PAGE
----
03. Wilson To Release SMiLE
Finally, coming to the second item designed to piss off the grumpy men, Brian Wilson announced plans to release "SMiLE" in its completed form. Over the years, various tracks from the albums appeared on different albums, but this will be the first time all tracks are together and sequenced in any official order. In support of the album, Wilson played it in its entirety at a live performance in England. The album, which was what probably finally drove Wilson completely crazy was to be the Beach Boys' follow-up to the classic "Pet Sounds."
02. Dangermouse Creates A Shitstorm
Before this year if anyone had asked about DJ Dangermouse, there would have been probably one or two people who even knew who he was. Now, after this shitstorm he caused with his mashup of Jay-Z's "The Black Album," and The Beatles' "The White Album," just about every fratboy in America knows his name. The whole issue at hand was Dangermouse's un-authorized sampling of the Beatles' tracks in order to make up the beats for Jay's songs. Admittedly, the album is somewhat gimmicky and loses its novelty quickly, but the controversy was more than enough to bring Dangermouse and the notion of a "mashup" to the forefront of music's consciousness.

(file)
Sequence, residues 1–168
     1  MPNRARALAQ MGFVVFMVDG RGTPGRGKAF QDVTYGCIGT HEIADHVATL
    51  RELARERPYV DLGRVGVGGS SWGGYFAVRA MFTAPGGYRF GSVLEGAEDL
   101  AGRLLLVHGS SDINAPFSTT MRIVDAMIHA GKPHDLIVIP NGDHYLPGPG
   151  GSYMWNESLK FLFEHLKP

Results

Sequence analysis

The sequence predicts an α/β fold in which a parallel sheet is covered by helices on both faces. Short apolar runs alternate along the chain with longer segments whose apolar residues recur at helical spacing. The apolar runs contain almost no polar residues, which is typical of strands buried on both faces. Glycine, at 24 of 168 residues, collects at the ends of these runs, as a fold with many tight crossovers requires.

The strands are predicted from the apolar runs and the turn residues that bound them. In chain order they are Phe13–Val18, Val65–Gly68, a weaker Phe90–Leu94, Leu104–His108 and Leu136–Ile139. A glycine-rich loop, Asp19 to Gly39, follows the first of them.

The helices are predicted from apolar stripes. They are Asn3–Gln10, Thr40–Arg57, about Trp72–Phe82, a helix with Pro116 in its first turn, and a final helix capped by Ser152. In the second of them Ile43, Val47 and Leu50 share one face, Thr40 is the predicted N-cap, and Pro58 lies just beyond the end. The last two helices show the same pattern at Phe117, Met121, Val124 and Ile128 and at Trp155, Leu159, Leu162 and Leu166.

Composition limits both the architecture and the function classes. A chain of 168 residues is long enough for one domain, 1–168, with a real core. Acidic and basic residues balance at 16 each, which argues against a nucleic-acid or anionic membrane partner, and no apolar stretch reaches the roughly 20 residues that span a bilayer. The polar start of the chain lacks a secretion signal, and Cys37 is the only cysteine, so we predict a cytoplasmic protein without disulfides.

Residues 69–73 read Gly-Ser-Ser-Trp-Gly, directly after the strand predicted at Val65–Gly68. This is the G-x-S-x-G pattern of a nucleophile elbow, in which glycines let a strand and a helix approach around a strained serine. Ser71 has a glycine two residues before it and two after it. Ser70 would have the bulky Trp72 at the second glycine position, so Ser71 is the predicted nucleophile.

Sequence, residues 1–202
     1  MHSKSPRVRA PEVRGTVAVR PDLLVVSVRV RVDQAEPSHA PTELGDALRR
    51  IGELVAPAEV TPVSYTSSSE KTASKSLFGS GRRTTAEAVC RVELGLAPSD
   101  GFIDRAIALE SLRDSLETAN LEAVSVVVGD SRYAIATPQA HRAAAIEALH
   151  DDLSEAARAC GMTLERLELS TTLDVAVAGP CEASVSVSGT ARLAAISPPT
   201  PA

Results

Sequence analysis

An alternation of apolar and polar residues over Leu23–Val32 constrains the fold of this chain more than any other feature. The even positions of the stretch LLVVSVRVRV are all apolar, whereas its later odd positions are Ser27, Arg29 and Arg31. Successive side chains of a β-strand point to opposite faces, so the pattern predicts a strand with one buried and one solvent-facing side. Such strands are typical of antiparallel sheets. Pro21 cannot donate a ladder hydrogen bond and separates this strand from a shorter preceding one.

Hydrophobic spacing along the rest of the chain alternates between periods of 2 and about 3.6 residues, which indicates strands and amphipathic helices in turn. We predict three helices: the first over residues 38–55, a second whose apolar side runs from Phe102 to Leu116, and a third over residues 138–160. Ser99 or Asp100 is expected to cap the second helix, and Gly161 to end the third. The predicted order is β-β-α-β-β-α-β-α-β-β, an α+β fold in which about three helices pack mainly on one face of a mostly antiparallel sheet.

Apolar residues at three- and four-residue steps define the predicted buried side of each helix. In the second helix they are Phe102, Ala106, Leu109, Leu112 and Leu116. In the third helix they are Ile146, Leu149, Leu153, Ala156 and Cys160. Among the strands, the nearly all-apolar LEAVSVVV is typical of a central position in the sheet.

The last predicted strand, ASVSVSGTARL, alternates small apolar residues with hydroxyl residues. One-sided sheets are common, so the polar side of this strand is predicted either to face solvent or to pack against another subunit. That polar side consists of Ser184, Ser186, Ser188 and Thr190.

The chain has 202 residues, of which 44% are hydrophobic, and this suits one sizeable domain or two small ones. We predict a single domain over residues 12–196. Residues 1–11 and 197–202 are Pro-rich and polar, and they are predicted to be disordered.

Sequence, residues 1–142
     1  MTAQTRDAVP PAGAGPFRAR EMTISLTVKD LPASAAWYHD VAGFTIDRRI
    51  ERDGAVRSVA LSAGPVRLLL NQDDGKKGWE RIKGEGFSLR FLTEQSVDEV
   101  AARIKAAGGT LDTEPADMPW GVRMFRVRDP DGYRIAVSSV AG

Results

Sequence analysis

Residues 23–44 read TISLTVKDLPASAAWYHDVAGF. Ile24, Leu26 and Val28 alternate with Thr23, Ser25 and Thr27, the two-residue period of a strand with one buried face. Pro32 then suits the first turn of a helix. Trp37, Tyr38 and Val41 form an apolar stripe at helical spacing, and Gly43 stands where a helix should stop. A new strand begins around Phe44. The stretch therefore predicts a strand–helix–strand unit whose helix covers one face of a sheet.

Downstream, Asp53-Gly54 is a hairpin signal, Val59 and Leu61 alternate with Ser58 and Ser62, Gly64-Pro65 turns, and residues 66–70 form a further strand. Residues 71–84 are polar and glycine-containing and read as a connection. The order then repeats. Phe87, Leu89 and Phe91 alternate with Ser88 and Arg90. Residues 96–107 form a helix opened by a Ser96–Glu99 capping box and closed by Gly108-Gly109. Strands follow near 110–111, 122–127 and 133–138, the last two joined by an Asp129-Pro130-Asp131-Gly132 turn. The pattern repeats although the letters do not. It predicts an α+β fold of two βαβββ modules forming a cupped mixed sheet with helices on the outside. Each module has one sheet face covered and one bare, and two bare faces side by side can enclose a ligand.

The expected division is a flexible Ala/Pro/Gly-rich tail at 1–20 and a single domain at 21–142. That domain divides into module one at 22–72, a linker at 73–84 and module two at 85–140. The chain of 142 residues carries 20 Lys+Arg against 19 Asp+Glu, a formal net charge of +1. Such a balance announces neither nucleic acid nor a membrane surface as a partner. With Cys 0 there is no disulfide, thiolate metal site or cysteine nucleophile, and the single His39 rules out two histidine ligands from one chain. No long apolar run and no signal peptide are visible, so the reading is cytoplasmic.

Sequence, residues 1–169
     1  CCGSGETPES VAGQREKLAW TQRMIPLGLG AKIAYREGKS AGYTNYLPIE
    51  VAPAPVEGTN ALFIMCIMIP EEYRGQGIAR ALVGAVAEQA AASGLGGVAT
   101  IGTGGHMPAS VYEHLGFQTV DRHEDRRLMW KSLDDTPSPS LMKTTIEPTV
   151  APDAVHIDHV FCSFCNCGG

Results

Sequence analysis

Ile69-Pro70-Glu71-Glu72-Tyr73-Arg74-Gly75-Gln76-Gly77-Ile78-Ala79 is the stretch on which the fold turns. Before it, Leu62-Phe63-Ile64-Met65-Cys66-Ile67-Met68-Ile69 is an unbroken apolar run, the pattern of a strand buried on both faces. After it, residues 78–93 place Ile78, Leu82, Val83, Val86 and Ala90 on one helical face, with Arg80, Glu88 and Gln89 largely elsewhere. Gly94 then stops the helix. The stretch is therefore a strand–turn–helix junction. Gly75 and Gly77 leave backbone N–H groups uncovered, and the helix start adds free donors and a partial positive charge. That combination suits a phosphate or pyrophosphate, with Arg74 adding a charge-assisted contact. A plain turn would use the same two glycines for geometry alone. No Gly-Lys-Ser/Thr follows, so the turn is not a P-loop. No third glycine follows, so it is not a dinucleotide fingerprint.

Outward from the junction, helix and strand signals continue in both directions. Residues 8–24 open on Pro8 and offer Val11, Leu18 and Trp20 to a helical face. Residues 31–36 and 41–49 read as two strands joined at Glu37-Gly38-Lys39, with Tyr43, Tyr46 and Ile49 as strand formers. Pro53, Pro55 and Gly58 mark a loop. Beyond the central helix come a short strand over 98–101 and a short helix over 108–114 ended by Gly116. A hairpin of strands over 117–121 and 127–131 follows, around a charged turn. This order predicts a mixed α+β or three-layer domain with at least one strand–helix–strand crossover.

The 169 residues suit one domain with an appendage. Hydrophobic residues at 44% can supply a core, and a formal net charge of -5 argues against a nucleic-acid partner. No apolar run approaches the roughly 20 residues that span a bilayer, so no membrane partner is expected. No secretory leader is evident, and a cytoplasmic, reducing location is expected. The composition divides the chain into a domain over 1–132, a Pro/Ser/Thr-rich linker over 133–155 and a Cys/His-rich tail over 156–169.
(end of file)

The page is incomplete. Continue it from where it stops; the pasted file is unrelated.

01. Pixies Reunion
In our first of two major stories designed almost specifically to piss off haters of grumpy men not wanting to taint their memories of the past, the Pixies announced a huge amount of dates in support for their reunion. Despite the belief that the band would never get back together because of differences between Frank Black and Kim Deal, they proved all naysayers wrong when, in January, and throughout the first half of the year, they announced dates around the world. The band eventually released a brand new song exclusively through Apple's iTune Music Service. To further reinforce the belief of the cash-grabbing nature of the tour, live CDs were sold immediately after every show for $20 a piece.